Tax “immoral” profits of oil and gas companies”, urges UN chief

António Guterres urges governments to act on ‘grotesque greed’

António Guterres, the Portuguese secretary-general of the United Nations, is calling on all governments to bring in windfall taxes on the “immoral” profits of oil and gas companies.

Talking in New York yesterday, he railed against the companies posting record financial results during the current energy crisis.

“This grotesque greed is punishing the poorest and most vulnerable people, while destroying our only common home, the planet,” he stressed.

By imposing more taxes on extraordinary profits being made, resources could be channeled to “support the most vulnerable people in these difficult times”.

To give an idea of the sums Mr Guterres was talking about, he said the combined profits of the largest global energy companies – just in the first quarter of this year – were approaching $100 billion (around €98 billion) – and this was AFTER they had wreaked further “massive cost to the climate.”

Earlier this week, BP was the latest fossil fuel giant to announce huge gains, revealing it had tripled its profits to nearly £7 billion in the second quarter of the year (around €8 billion) amid high oil prices during Russia’s invasion of Ukraine. 

Guterres says these profits are unacceptable as “people around the world face financial ruin.

“Household budgets everywhere are feeling the pinch from high food, transport and energy prices, fuelled by climate breakdown and war.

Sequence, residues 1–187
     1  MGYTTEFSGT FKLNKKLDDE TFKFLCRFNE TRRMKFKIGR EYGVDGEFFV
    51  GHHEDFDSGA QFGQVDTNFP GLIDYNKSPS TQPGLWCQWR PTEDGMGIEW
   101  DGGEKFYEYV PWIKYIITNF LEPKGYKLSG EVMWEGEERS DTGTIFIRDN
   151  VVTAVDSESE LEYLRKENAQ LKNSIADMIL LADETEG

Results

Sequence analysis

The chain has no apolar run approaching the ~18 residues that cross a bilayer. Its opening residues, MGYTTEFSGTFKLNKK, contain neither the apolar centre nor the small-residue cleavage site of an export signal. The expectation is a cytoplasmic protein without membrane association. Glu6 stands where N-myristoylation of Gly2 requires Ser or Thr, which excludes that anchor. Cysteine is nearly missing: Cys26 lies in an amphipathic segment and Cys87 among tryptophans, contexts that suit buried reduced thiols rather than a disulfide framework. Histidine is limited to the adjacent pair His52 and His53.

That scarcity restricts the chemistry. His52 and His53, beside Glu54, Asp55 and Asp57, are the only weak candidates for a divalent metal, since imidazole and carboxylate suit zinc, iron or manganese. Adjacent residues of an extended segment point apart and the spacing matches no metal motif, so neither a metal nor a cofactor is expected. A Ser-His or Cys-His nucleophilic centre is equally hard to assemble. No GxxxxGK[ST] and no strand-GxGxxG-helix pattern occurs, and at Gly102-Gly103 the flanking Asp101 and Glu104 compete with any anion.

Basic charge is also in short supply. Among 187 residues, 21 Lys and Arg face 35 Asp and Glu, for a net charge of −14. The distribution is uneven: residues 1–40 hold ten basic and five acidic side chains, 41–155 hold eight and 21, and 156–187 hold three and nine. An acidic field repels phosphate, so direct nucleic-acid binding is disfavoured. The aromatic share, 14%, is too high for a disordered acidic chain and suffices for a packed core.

“This threatens a starvation crisis for the poorest households, and severe cutbacks for those on average incomes.”

Alongside a windfall tax on excessive profits governments must do more to manage energy demand and accelerate transition to renewable energy sources, he urged.

Mr Guterres was speaking during the presentation of a third report prepared by UN experts on the global impact of the war in Ukraine, and which this time focused mainly on the energy sector, explains Lusa.

“Governments must expand and diversify supply chains for raw materials and renewable energy technologies,” he said.

“These must reduce bureaucracy for the energy transition and change fossil fuel subsidies to support vulnerable households and increase investments in renewable energy.” 

In the face of the energy transition, Guterres called for more public and private investment and urged shareholders of development banks to “take on more risks and help countries move forward”.

The UN leader also pointed out that developing countries have every reason to invest in renewable energy, but lack the resources – while richer nations push them to make this transition, but do not give them enough technical and financial support.

“And some of these same developed countries are introducing universal subsidies on petrol stations, while others are reopening coal-fired power stations.

It is hard to justify such measures, even temporarily,” he said.